On April 20, a group of 12 upper school students had the opportunity to share their talents with their peers and the faculty. The Arts Laureate ceremony annually recognizes students who are nominated by their classmates as standouts in the visual and performing arts.
This year’s arts laureates were seniors Jeb Carter, Sienna Goren, Isaiah Kelly and Cole McCorkle; along with juniors Carter Ferguson, Abby Ray, Jared Rayman and Jacob Sloman. Also recognized were sophomores India Behl and Robert Cushman; and freshmen Anna Beth Bradley and Audrey Holton.
The ceremony included vocal performances by Carter, Holton, McCorkle and Sloman, while Bradley, Goren and Ray shared some of their paintings and drawings. Behl and Ferguson presented slideshows of their photography; Kelly and Rayman shared some of their ceramic pieces and Cushman played his bass.
Holton, who has performed lead roles in a number of school musicals, wowed the audience as she sang “Astonishing” from the musical “The Little Women.” “I’ve been passionate about singing and acting for as long as I can remember,” said Holton. “I was really excited when I heard I got nominated for arts laureate, because I knew it was a big honor.” She not only enjoyed singing in her first ceremony, but also getting to see the talent of the other laureates.
Ray enjoyed the opportunity to display her artwork because she was able to share a talent she felt not many people knew about beforehand. “While I love to act and sing and dance, those are live and fleeting works of art, but my visual art is forever and is a lasting display of my passion,” said Ray. Additionally, her art is very personal to her. “It fluctuates with whatever is going on in my life,” she said. “So [right] now I’m more interested in making things that are organic and disturbing but beautiful.”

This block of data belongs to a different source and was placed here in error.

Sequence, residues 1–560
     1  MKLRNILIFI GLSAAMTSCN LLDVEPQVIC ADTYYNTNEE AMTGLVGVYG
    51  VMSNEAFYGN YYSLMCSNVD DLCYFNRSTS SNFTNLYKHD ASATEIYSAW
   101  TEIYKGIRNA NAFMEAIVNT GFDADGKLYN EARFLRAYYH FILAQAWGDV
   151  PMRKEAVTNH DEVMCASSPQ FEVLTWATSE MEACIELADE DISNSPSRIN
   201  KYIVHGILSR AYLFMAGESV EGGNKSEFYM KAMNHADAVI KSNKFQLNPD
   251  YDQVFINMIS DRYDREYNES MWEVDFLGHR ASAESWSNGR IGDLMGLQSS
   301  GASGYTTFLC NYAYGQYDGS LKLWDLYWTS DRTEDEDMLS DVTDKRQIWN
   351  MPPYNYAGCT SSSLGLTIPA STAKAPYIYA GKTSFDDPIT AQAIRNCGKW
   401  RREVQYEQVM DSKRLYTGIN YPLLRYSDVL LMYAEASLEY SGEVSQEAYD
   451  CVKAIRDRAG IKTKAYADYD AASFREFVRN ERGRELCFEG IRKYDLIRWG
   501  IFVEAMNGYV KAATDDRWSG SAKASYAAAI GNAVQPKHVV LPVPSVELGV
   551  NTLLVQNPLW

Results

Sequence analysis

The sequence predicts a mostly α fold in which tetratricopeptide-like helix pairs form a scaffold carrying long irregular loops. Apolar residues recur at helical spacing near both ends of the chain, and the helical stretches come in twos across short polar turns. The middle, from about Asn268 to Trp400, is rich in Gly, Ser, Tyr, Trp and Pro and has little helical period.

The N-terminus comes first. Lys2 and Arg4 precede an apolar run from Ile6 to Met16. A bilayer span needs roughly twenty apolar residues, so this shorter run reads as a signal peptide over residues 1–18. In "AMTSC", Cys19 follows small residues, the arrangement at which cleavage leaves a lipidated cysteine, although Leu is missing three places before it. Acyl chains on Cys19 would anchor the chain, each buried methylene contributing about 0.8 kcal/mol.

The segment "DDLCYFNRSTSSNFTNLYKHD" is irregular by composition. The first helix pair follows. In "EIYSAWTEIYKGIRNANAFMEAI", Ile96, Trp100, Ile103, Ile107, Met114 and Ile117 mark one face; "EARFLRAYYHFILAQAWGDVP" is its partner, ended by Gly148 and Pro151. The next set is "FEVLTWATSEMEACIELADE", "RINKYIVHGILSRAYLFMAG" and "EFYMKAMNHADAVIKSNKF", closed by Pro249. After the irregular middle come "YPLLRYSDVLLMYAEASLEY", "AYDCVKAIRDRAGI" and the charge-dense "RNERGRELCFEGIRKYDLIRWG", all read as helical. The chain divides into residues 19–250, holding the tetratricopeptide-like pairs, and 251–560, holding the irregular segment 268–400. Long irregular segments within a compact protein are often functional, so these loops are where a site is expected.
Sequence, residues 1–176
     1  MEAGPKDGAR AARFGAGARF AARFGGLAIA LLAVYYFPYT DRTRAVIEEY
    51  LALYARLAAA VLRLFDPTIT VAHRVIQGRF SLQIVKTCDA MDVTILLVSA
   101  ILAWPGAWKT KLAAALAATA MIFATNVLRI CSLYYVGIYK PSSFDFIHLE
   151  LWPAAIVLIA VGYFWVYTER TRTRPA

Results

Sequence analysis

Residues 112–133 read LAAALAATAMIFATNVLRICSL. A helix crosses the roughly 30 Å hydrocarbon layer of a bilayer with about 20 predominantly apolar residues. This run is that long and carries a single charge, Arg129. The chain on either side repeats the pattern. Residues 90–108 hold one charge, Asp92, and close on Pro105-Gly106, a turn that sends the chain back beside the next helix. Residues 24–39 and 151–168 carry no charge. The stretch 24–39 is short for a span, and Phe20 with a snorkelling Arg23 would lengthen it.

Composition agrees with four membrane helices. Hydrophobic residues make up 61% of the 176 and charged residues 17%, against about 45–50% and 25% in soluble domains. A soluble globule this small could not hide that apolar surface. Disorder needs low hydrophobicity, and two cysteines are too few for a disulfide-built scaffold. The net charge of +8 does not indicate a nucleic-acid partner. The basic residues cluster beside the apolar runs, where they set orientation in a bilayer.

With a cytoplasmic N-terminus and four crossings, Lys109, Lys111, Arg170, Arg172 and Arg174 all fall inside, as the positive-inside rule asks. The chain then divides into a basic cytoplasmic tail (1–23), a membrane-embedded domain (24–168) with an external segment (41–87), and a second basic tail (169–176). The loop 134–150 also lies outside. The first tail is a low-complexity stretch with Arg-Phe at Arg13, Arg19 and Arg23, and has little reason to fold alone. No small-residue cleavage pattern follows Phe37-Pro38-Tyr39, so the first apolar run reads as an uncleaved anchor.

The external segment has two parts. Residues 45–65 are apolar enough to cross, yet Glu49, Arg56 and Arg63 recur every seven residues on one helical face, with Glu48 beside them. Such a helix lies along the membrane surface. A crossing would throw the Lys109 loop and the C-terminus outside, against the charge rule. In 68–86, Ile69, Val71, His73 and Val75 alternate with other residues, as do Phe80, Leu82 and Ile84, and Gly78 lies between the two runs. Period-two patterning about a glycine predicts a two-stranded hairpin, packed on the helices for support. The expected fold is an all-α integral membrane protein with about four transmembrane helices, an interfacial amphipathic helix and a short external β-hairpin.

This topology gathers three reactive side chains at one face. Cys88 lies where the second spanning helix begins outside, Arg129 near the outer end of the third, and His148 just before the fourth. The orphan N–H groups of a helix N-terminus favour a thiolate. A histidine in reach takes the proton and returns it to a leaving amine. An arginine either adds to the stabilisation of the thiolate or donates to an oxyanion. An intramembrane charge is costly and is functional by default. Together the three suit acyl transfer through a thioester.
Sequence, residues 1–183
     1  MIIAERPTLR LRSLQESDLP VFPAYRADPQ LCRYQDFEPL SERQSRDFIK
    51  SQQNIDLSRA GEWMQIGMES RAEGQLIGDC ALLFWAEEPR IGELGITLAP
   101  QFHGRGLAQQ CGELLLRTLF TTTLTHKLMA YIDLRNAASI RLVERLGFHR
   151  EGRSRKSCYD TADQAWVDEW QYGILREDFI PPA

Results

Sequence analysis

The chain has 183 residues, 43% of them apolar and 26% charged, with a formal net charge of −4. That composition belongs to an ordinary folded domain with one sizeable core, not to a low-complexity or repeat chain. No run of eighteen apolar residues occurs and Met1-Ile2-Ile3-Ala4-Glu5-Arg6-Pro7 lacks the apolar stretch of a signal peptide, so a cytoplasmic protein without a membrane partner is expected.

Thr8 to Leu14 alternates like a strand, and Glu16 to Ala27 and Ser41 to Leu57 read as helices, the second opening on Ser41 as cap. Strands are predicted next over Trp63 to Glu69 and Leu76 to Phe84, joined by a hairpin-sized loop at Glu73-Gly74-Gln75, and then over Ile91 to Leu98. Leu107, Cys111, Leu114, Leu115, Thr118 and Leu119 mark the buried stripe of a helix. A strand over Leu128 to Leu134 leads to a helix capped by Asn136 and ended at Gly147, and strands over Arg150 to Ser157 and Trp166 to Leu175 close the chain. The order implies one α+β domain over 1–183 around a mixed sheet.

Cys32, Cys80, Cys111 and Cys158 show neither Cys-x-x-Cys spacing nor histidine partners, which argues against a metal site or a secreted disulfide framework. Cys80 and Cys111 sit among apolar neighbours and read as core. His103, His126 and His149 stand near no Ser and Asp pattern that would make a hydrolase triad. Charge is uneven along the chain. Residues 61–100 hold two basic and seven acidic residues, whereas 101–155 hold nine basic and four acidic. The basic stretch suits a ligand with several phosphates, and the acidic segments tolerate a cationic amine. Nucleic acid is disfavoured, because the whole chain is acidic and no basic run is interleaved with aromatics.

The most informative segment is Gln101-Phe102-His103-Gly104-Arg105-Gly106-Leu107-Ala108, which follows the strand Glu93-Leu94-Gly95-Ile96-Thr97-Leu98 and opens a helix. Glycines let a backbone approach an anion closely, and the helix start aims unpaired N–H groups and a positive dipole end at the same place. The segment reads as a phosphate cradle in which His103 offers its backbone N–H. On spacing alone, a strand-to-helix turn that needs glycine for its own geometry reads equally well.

Ferguson has been an avid photographer for a few years, though the ceremony was his first time sharing it with so many of his friends and classmates. He presented a slideshow of many of his photos from his travels, including close-ups of wild animals taken in Africa. “I really enjoy photography because it gives me a chance to capture a moment exactly as it was and look back on it and remember that day,” said Ferguson. “I was a little nervous [about presenting] but hearing some of the reactions to the Africa pictures was really cool. It’s always awesome to see other people appreciate your art.”
McCorkle performed as a laureate for the second time as a high schooler. “I’ve been looking forward to this performance since the second after I performed as a freshman arts laureate,” he said. “This was my last performance on a Pace stage, so I wanted to make it special.”
After searching for the perfect song, McCorkle received a huge ovation for his rendition of AJR’s “Turning Out,” which he believes was his “perfect song.” “It’s a somewhat popular pop song, right in my range, and has accompaniment that can be played on piano,” he said. “All this planning led up to the best performance I’ve ever had. The energy in the audience was palpable and it allowed me to really enjoy myself up there and sing one last time to the people that mean the most to me.”